The police officer who killed African-American, George Floyd and set the United States in motion for series of controversial moments in 2020 has been trying since Wednesday to have his murder conviction overturned during an essentially symbolic appeal hearing.
Derek Chauvin, 46, was found guilty of murder following a high-profile 2021 trial by a state court in northern Minnesota and sentenced to 22.5 years in prison.
He feels that his right to a fair trial has been violated, mainly due to the “publicity” about the case and the “threats of violence” that should have brought about a change of scenery in the hearings, and asks that the verdict be overturned.
Regardless of the outcome of that appeal, Derek Chauvin will remain in prison because he pleaded guilty to George Floyd’s “civil rights violations” before a federal judge and was sentenced in 2022 to a final sentence of 21 years.
On May 25, 2020, this 19-year-old Minneapolis police officer knelt on the 40-year-old black man’s neck for nearly 10 minutes, oblivious to his groans and the interventions of panicked bystanders.
The scene, which was filmed and posted online, sparked massive protests against racism and police brutality in the United States and abroad.
During the trial in circuit court, his attorney defended George Floyd’s death from an overdose, in addition to health issues, and confirmed that Derek Chauvin was right to use violence.
Today, the former police officer is trying to overturn that judgment, especially since it took place in the Minneapolis-Saint Paul twin cities, which were still on edge less than a year after the tragedy.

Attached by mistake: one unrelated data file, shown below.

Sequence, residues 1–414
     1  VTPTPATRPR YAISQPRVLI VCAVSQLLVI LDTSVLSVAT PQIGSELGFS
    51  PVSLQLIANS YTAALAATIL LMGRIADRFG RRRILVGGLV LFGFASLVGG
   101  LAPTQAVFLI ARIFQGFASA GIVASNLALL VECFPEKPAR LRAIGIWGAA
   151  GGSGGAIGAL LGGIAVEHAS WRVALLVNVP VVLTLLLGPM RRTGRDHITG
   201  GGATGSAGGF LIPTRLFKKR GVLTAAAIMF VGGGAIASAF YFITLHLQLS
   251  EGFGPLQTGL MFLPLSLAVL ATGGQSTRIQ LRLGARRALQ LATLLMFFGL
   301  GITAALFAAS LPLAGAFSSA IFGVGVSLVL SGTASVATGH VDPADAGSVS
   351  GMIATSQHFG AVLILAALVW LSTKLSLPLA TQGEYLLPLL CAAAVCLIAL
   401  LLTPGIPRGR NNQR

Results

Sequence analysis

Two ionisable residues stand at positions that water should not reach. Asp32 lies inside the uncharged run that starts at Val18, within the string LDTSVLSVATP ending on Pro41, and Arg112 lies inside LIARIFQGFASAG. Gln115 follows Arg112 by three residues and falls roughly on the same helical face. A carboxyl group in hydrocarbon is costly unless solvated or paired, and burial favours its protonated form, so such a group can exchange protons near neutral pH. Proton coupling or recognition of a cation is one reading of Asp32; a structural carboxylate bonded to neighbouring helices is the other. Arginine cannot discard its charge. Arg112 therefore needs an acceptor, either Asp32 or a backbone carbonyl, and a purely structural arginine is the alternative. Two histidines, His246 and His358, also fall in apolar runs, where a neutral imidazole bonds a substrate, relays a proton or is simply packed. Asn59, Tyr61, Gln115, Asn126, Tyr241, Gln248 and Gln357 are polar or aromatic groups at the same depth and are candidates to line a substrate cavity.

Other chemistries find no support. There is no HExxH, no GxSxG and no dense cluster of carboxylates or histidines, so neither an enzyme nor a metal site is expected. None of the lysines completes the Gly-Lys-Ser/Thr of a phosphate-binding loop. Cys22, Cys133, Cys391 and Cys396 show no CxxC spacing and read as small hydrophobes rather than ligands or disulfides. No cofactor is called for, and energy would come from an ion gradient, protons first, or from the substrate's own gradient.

In his lawsuit, his lawyers recalled “threats” against jurors, fears of a new fire for the two cities if acquitted and daily coverage by local media that “idealized George Floyd and demonized Derek Chauvin”.
According to his lawyers, the inability of the court to hold hearings in rural areas of the state would have prevented it from discovering in the middle of the trial that the city of Minneapolis had decided to compensate people close to George Floyd up to $27 million.
They also pointed to the “supposed” lies of a juror who covered up his participation in the demonstrations after the death of George Floyd and accused prosecutors of taking “cumulative” testimony from seven police officers and experts about the use of force.
Prosecutors responded in a separate argument that the trial was “one of the most thorough and transparent” in history, that jury selection took two weeks and that the verdict should stand.
Three other police officers who watched as George Floyd suffered received prison terms of between two and a half and three and a half years.